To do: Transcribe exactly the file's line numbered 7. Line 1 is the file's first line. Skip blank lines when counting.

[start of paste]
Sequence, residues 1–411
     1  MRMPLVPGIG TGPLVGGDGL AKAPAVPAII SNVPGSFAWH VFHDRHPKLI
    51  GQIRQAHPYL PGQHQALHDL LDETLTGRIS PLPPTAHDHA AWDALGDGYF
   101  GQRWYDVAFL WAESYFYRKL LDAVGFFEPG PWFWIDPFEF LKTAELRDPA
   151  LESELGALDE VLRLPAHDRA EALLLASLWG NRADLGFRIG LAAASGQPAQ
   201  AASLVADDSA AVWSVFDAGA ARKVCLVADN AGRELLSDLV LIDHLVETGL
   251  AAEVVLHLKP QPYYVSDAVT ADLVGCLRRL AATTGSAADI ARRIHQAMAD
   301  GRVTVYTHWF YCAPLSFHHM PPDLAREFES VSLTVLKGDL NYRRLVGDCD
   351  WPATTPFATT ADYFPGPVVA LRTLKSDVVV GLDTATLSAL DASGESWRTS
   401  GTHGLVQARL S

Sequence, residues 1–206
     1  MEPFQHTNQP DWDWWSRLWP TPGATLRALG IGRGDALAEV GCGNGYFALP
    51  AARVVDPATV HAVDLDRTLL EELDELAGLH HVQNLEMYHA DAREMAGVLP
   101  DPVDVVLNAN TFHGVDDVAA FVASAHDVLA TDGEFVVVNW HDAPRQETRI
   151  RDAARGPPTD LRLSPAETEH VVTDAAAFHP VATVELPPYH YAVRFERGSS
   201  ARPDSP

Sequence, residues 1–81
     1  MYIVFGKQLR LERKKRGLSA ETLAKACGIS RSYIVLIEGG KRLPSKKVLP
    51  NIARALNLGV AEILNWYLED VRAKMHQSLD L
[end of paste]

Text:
   251  AAEVVLHLKP QPYYVSDAVT ADLVGCLRRL AATTGSAADI ARRIHQAMAD